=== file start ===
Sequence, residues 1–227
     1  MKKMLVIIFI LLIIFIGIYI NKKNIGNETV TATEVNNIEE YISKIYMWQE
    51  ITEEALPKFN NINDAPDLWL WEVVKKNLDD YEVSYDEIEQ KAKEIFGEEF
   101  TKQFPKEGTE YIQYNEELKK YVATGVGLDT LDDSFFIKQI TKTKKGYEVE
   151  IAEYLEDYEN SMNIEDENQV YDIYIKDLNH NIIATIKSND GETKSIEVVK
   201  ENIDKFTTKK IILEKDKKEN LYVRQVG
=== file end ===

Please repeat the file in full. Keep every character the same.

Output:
Sequence, residues 1–227
     1  MKKMLVIIFI LLIIFIGIYI NKKNIGNETV TATEVNNIEE YISKIYMWQE
    51  ITEEALPKFN NINDAPDLWL WEVVKKNLDD YEVSYDEIEQ KAKEIFGEEF
   101  TKQFPKEGTE YIQYNEELKK YVATGVGLDT LDDSFFIKQI TKTKKGYEVE
   151  IAEYLEDYEN SMNIEDENQV YDIYIKDLNH NIIATIKSND GETKSIEVVK
   201  ENIDKFTTKK IILEKDKKEN LYVRQVG